Vale freezes hiring – by Carol Mulligan (Sudbury Star – September 13, 2012)

The Sudbury Star is the City of Greater Sudbury’s daily newspaper.

Just weeks ago, Vale Ltd. was advertising to hire 400 new employees at its Canadian operations. Today, a hiring freeze is in effect at Vale operations worldwide — including Sudbury — while the Brazil-based miner deals with “challenges” associated with a huge drop in commodity prices.
Peter Poppinga, chief executive officer of Vale Canada Ltd. and executive director of its base metals operations, wrote to top-level managers last week, saying Vale base metals leaders are reviewing “every aspect of our business as we speak.”
In an email obtained by The Star, Poppinga tells top-level managers the key to short-term and long-term stability is to “reinvent, reshape and turn around” the business.
Poppinga stressed safety must always come “at the forefront,” but he said high-level executives are examining performance across all operations — looking at Vale’s ability “to deliver and be competitive, placing renewed emphasis on value over volume.” The company will have to make some “tough decisions,” said Poppinga, which will be announced in the next four to six weeks.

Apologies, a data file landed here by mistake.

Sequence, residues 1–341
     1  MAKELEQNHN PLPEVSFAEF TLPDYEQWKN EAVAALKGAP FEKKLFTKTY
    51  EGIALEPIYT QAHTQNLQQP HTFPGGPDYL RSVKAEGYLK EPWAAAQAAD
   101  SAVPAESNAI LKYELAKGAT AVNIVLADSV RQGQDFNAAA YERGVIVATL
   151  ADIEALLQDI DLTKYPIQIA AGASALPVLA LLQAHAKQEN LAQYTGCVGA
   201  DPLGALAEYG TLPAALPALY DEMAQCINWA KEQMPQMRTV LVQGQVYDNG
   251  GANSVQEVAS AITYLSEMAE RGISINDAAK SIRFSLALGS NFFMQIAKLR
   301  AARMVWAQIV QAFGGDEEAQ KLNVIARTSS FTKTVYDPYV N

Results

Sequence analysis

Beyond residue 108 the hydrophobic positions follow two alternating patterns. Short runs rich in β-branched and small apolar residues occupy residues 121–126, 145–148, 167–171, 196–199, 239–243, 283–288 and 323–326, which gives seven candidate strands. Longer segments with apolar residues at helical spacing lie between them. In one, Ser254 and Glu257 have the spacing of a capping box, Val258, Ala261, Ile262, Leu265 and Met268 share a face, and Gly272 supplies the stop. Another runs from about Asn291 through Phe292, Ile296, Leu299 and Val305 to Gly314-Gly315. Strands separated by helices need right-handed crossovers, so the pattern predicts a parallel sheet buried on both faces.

Vale Sudbury spokeswoman Angie Robson confirmed there is a hiring freeze in Sudbury, as the review at base metals operations is conducted.
“We expect decisions on impacts, if any, to our Sudbury operations will be made within the next four to six weeks,” she said.
Meanwhile, Vale will continue to “do what we can to control costs and improve efficiencies, which is good business in all price cycles, but especially so in the current economy,” said Robson.
In his email, titled “Vale: A Message from Pete,” Poppinga pointed out the price of nickel has fallen 17% this year, 30% since August 2011 and 50% since November 2006, when Vale acquired Inco.
The spot price for copper is the lowest in three years, he said.
The company is investing more heavily in base metals than it ever has, but challenges are being posed by mines “where depth and distance from shaft are increasing and grades are decreasing.”
He closes his email by saying the business is c yclical — “we’ve been here before, we’ve made the tough calls, we’ve persevered and we’ve prospered. I expect us to do it again.”
Poppinga didn’t address the low price of iron ore, Vale’s biggest commodity. It has dropped from $198 a ton to less than $100 a ton in a couple of months.
Parent company Vale SA has making news for weeks in stories about it selling some of its ships and its stock price falling and rising.
Bart Melek is head of commodity strategy for TD Securities. He will address the Sudbury Area Mining Supply and Service Association at a breakfast meeting Monday.
Melek said he never comments on companies’ individual performances. But he offered a forecast for some of the metals produced in Sudbury.
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